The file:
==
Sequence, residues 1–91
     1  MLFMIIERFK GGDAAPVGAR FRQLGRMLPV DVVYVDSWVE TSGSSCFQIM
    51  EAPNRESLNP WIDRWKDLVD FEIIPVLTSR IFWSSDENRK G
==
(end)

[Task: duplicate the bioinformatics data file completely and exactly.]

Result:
Sequence, residues 1–91
     1  MLFMIIERFK GGDAAPVGAR FRQLGRMLPV DVVYVDSWVE TSGSSCFQIM
    51  EAPNRESLNP WIDRWKDLVD FEIIPVLTSR IFWSSDENRK G